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Today, Melody, from Little Home Blessings, talks about song and how meaningful it can be for parents and for children. I too have been utterly amazed at how song has calmed my children and has helped them to do things they are resisting. In fact, if A Good Man wants to tease me, he often does it in a sing song voice… and I smile inwardly, knowing that Waldorf has seeped into his heart too.
Music Through the Day by Melody
Born the daughter of a dancer and musician, I didn’t come by the name Melody by accident. Music has always been a large part of my life and I’ve come to a new relationship with it since starting a family of my own.
One of my first memories as a mother was stepping into the shower for the first time after giving birth, starting to hum a song and reaching to gently rub my tummy, as had become my habit in the last nine months, only to be startled into remembering that my tiny boy was no longer there! It’s true that from the very, very beginning, I not only spoke to, but sang to all of my babies regularly. The songs that they became accustomed to in the womb are the same ones that soothed and comforted them outside.
With the birth of my second son, corresponding with my delving deeper into the Waldorf philosophy, I went from only singing lullabies at night, to singing throughout the day. By the time our third child was born, we had joined a family folk chorus and singing for the pure joy of it, with our community, had become a regular event for us. It was during this time that it became really clear to me what a vast difference there is between listening to music and making music. The music that we made spoke to us all in a way that the music we only listened to could not. I’ll never forget the day that my infant babe in arms started humming “Hot Cross Buns” with amazing accuracy, after hearing his older brother practice it over and over again on the recorder (with someone’s voice accompanying it, more often then not).
Another option is to make up your own little songs. An easy way to do this is to take a verse you know and make up a little tune to go along with it, or come up with some lyrics and sing them to a tune you already know! An example of this is my daughter’s bedtime song. It’s a silly little thing, but it brings her comfort and the ritual of singing it, every time I lay her down to sleep, is such an important part of our day. It always makes my heart swell to hear her little two-year-old voice singing it back at me.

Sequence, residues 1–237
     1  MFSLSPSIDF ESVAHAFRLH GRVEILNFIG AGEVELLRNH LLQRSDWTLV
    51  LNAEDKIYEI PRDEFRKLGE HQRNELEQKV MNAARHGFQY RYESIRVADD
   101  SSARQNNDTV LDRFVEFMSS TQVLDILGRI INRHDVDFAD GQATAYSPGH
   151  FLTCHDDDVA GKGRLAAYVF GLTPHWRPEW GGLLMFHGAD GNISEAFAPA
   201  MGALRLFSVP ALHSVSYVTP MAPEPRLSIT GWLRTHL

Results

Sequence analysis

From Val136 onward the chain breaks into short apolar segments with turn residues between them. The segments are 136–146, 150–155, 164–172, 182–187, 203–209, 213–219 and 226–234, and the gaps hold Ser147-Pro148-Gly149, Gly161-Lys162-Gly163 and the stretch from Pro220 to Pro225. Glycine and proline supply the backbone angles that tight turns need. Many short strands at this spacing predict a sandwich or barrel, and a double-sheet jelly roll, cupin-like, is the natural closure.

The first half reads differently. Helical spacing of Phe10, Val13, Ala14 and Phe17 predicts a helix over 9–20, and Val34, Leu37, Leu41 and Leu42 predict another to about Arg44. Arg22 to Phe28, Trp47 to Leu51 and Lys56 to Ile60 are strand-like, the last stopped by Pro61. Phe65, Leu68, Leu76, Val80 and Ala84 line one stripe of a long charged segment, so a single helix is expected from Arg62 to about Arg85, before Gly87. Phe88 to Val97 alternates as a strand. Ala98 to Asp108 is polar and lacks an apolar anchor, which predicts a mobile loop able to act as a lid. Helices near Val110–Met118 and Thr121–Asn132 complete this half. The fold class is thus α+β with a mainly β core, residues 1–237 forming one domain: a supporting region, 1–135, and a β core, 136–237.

Sung to the tune of “Rock-a-bye Baby”:
Mama, and Mairi na-nas* in bed
So Mairi can rest her wee sleepy head
Cuddle her gently, tuck her up tight
So she will sleep soundly, all through the night
*”na-na” is our word for nursing
Songs like the one above can also be useful for difficult transitions. For one of my children who hated getting dressed for the day, I made up this silly tune, sung to the tune of “It Had to Be You” (yes, really!):
It’s time to get dressed! It’s time to get dressed!
Put on a shirt, pull on some pants, maybe a vest.
It’s time to get dressed…it’s time to get dressed.
It’s time to get dressed, time to get dress, it’s time to get dressed…
One more very simple tune is the one that I sang one morning, many years ago, as some of the little ones were getting up. It was requested so many times after that that it kind of stuck. You’ll have to come up with your own tune for this one, as the tune I sing it to is my own.
Good morning! Good morning! Welcome to the day!
Good morning! Good morning! Morning’s here to say
(repeat 3 times)
Good morning! Good morning! Welcome to the day!
Good morning! Good morning! Let’s get up and play…
Sharing music together can also be a way to bond and connect during difficult times. I was extremely ill when my second son was a toddler. I was so ill that many days I was unable to get out of bed for any length of time. It was painful to know that his babyhood was passing by and that there was so little that I could do for him. On the days that I was well enough, when I had strength enough to sit up and breath enough to do so, we would sit together in the rocking chair next to my bed and sing. Some days, good days, we would go through a whole song book from cover to cover. That time was a ray of light for us both, during an otherwise dark and difficult period. I was so glad to be able to give him at least that one thing. And so very deeply, profoundly, thankful for having that time with him. Indeed it’s one of my favorite memories from his early years. One of the few ones that isn’t overshadowed by the stress of illness.
However you find a way to incorporate music and song into your life and your family time, I hope that you’ll enjoy the richness that the sharing of song can bring to daily life.
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I love your little songs, Melody. You show us that all we need is a tune we already know and some well thought out words, relevant to our own families. How very sweet… thank you for sharing your family memories with us.
Melody has a lovely blog, Little Home Blessings that is a treat visit. I have just spent the last hour drooling over all of the beautiful Birthday Sweaters she has made for her babies… oh, I wish I was a knitter.
Here are the other posts in the Discovering Waldorf series.
If you have a Waldorf related topic you wish to share on Discovering Waldorf. or wish to learn more about, pop me an email at vined(at)ymail(dot)com.
Blessing and magic,